Adventure, chaskis, endurance running, Everesting, Malcolm Gladwell, master of the mind, mindset for runners, mindset for training, Talking To Strangers, ultra running -

Week of 05.29.20

5 Things Worth Sharing

  • Would you ride your bike, on the same hill for 8, 9 or more hours, trying to climb the equivalent of Mount Everest? Enter Everesting
  • Staying informed is important, but do you have to watch the news all the time? I think this video explains the main reasons why I'm not watching and following the news as much as I used to do.
  • Talking To Strangers. The tragic events that led to the death of George Floyd recently made me think of a Malcolm Gladwell book that I read several months ago. In his book, Gladwell talks about several cases in history where things go wrong when we talk to strangers. I found it really insightful 
  • Do you like adventuring by yourself? IF not, here are 5 great reasons why you should consider going out and exploring on your own (especially in times when social distancing is so common). Reasons 2 and 5 are so spot on!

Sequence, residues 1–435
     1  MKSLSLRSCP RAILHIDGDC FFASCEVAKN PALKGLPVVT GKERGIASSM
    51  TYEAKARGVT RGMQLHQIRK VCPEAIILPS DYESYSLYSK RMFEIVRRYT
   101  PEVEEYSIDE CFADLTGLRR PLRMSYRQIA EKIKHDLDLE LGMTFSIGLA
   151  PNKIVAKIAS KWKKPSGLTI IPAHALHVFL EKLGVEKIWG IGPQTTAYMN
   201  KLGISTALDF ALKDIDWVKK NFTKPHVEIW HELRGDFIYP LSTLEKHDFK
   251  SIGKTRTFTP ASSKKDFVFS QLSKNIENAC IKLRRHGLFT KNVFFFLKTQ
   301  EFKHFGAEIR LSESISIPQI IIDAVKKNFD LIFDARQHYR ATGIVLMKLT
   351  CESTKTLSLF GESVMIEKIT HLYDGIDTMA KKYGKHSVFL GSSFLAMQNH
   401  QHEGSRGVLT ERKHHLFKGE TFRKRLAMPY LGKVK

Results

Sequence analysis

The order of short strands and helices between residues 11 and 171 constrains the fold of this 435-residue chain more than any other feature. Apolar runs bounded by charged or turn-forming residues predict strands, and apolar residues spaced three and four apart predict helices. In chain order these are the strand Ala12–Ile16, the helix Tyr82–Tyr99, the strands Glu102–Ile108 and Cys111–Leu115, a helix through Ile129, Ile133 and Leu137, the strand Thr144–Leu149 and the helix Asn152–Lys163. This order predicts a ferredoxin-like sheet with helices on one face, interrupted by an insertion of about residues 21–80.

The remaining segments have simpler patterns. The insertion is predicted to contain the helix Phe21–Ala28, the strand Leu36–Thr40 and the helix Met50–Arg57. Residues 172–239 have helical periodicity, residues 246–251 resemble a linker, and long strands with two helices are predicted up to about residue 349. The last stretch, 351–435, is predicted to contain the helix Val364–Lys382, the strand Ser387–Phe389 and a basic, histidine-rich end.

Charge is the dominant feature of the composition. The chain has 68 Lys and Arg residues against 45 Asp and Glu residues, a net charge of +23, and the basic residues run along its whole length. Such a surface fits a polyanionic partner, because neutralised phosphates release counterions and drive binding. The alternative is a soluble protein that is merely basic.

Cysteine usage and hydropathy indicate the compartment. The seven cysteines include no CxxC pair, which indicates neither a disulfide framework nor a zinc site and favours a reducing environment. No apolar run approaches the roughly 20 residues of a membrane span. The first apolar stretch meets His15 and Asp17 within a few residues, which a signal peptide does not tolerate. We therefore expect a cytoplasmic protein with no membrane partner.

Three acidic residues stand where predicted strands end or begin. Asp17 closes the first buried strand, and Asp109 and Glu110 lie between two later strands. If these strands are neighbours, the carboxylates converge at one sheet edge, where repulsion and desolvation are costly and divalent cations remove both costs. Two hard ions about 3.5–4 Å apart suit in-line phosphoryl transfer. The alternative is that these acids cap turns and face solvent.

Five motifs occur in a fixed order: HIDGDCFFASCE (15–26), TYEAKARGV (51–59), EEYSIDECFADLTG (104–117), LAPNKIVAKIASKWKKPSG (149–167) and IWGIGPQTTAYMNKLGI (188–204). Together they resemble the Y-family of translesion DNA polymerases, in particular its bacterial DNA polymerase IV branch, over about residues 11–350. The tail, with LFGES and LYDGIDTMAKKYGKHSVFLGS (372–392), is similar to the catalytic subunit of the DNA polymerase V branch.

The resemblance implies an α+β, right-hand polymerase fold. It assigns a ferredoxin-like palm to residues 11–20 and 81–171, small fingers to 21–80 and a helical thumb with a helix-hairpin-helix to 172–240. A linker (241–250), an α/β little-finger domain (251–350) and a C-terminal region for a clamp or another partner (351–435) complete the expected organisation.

What You Missed This Week

The CHASKI Fact Of The Week

How was Machu Picchu discovered? The Machu Picchu ruins were discovered on July 24, 1911 by American archeologist Hiram Bingham​.  Traveling on foot and by mule, Bingham and his team made their way from Cuzco into the Urubamba Valley, where a local farmer told them of some ruins located at the top of a nearby mountain. The farmer called the mountain Machu Picchu, which meant “Old Peak” in the native Quechua language. The next day–July 24–after a tough climb to the mountain’s ridge in cold and drizzly weather, Bingham met a small group of peasants who showed him the rest of the way. Led by an 11-year-old boy, Bingham got his first glimpse of the intricate network of stone terraces marking the entrance to Machu Picchu.​  The photo that you see below was taken by Bingham himself.


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